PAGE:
Monday, June 1, 2009

Something fishy going on

My Dad emailed me today (yay! Dad's online!) and mentioned his craving for seafood. That got me to thinking about how I grew up eating lots of local Carolina seafood. Some of my earliest memories involve catching, preparing, and eating crabs and flounder from the area around Masonboro Inlet, and shrimp and oysters from Calabash and the Grand Strand. Of course, everything was breaded and deep fried, because that's the Carolina way. So I know that when Dad talks about seafood, he's not talking about grilled wild Alaska salmon or anything remotely healthy.

Thing is, unlike thirty years ago when I was kid, not so much of the seafood is "local" anymore. Not sure why. Perhaps it's been overfished. Perhaps it got killed off by red tide. Or perhaps, like a lot of other things, the restaurants can get cheaper food from other countries.  It's like that everywhere, though. I was shopping in Super Target recently and started reading labels on cans and packages of fish. The tuna was from Thailand. Frozen orange roughy was from Namibia. Frozen shrimp was from Ecuador. Folks, that's a long way for seafood to travel. Fish is highly perishable and I shudder at the chemicals involved as well as the environmental impact in getting it from one side of the world to another. Not to mention the food quality issues.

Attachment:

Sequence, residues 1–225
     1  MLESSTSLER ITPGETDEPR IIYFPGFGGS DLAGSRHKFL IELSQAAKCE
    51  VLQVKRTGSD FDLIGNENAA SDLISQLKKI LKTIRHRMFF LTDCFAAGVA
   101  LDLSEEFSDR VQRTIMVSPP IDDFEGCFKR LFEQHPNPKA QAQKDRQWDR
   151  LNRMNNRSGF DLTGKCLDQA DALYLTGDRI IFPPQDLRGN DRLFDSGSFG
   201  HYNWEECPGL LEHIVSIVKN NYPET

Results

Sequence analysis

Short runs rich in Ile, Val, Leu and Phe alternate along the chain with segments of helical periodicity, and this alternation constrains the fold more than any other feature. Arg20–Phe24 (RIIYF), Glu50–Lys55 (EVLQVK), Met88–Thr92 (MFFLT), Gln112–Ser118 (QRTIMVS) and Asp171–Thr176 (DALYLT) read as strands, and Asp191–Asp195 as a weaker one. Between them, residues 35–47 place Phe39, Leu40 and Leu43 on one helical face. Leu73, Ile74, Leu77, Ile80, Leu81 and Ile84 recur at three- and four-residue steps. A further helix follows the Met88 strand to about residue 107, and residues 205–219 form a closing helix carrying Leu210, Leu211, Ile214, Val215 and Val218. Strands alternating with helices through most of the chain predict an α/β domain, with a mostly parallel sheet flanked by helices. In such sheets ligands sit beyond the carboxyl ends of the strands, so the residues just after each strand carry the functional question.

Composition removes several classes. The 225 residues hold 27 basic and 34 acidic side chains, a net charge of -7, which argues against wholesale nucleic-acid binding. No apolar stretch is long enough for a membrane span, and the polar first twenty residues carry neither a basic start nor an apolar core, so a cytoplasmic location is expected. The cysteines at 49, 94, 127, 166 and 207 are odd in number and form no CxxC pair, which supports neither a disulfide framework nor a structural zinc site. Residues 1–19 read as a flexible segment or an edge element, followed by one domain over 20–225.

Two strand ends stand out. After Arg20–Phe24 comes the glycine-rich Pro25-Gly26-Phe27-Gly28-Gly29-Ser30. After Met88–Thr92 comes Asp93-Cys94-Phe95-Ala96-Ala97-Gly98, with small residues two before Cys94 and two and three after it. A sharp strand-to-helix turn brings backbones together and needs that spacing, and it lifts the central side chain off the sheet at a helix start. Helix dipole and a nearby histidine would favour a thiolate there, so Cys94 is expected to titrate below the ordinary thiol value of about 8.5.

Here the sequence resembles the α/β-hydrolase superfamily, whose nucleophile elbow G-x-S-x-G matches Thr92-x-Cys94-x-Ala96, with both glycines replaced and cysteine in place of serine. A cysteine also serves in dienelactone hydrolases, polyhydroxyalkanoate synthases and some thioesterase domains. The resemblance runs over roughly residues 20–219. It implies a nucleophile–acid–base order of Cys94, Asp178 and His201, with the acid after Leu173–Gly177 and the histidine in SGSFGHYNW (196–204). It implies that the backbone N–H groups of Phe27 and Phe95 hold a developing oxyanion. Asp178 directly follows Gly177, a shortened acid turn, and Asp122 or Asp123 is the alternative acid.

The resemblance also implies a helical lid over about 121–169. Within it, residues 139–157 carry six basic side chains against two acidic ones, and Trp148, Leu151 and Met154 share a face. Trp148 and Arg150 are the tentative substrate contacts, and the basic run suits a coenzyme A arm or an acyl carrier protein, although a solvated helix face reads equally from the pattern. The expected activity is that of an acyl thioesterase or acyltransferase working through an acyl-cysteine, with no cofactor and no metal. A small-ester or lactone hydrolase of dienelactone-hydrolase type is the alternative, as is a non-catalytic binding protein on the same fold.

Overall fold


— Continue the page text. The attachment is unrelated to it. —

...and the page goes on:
Of course, it's a ways to Alaska, also. But at least I can be reasonably sure of the quality of the goods. We eat a lot of wild-caught Alaska salmon in our house. Wild-caught is supposed to be way better for you and the environment than the farmed variety - not to say that all farmed fish is bad because it isn't. It helps to know what fish is "good" and what fish isn't so good. I'm trying to get my Dad to eat more of the "good fish" and in doing so I've emailed him the link to the Environmental Defense Fund's Seafood Selector, which I highly recommend for all you seafood eaters out there to check out, also!

Now, if I can just get Dad to switch from deep-fried to grilled or broiled . . .